We talk a lot about spontaneity. Sometimes as if it were an absolute value, as if it were a synonym of authenticity, purity, freedom. Perfection.
When applying a technique to a beginner for the first time, we usually witness quite frequent behaviors at a physical level. She/he
- turns, with his/her back to his partner;
- collapses to the ground at the slightest imbalance;
- writhes, procuring terrible contraarticular levers on his/her own;
- if he/she has learned the fundamentals of falling, then he/she will try to fall even without any invitation.
We can say that they are spontaneous reactions to a new psychophysical condition. Yet, in the spontaneity of placing oneself in dangerous or painful positions, there is nothing perfect.
In fact, much of the training in a martial discipline is aimed at developing increasing awareness. On the one hand on how to conduct an action, on the other on how to receive it in the most functional way possible. For this reason, in AIkido, 受け身 – ukemi is not just something concerning falling, rather the ability to receive what comes up.
The correction of a spontaneous as unconscious movement towards a functional and therefore free movement within rules is a complex process.
Complex because no one has ever liked the effort of being corrected.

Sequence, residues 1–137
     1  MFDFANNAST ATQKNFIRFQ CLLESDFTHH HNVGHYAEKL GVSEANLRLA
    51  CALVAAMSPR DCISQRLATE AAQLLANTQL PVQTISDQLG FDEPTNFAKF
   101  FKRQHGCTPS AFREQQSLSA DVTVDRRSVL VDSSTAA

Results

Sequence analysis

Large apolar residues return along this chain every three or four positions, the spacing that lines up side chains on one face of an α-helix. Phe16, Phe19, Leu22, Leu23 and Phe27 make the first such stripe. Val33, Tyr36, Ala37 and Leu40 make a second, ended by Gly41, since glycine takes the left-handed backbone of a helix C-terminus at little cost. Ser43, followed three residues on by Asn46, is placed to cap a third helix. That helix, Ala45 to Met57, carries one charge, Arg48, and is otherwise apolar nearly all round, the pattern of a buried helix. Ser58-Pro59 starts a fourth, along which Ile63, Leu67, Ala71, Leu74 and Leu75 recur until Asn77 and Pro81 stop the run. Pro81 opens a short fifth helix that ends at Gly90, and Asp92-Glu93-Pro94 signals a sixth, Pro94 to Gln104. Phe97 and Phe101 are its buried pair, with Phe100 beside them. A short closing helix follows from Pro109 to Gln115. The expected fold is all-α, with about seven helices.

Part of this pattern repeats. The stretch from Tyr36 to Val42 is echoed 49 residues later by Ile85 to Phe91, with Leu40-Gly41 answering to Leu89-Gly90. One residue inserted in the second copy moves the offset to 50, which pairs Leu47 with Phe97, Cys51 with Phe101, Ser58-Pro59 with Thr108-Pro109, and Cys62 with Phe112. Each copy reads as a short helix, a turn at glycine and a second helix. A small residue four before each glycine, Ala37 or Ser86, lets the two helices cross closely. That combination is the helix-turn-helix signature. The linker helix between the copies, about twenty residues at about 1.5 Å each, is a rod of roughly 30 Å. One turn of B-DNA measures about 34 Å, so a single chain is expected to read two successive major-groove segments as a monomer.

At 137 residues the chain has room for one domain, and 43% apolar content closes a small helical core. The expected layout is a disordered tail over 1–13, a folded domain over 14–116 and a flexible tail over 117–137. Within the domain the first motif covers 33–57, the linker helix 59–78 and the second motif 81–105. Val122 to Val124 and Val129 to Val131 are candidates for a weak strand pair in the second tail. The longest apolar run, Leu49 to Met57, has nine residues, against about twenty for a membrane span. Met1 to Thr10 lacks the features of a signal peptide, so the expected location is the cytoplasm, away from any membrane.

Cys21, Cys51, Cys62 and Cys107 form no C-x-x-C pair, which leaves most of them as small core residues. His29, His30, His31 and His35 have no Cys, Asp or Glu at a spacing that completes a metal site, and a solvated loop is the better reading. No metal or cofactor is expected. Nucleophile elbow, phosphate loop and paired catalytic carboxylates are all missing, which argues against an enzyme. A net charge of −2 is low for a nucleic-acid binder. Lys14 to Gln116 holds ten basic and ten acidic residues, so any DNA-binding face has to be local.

And it is even more difficult in a very assertive society in which spontaneous and personal expression often tends to become a self-referential norm in a society in which relationships tend to dissolve, together with the social rules that should keep them together.
Yet, the practice of Aikido, like any Martial Art, teaches that spontaneity and freedom know the limit that is given by the physics of the interaction between our bodies.
We are free to turn our backs – to our practice partner or to life. But we must accept the consequences of being exposed.
We are free to move by leveraging ourselves. But the pain in the joint will be due to our choice and our movement.
In Aikido the current vulgate which often translates 武産合氣 – takemusu aiki as the Aiki(do) that arises spontaneously is of no help. In reality, introspectively, the meaning is the creation of a connection between body and mind in martial art. In a relational key it is the creation, through relationships, of power.
A spontaneous power or a conscious power?
If we look at injuries on the tatami, they only and always happen because the couple lacked awareness. Either one “pushed” the technique too hard or the other received it in a dysfunctional way. In both cases the rules of engagement failed.
Rules do not make either the movement or the purpose of the practice less free or spontaneous but on the contrary, they create a frame that enhances even more the painting that is composed and dissolved with each practice on the tatami.
Disclaimer: picture by Anna Tarazevich from Pexels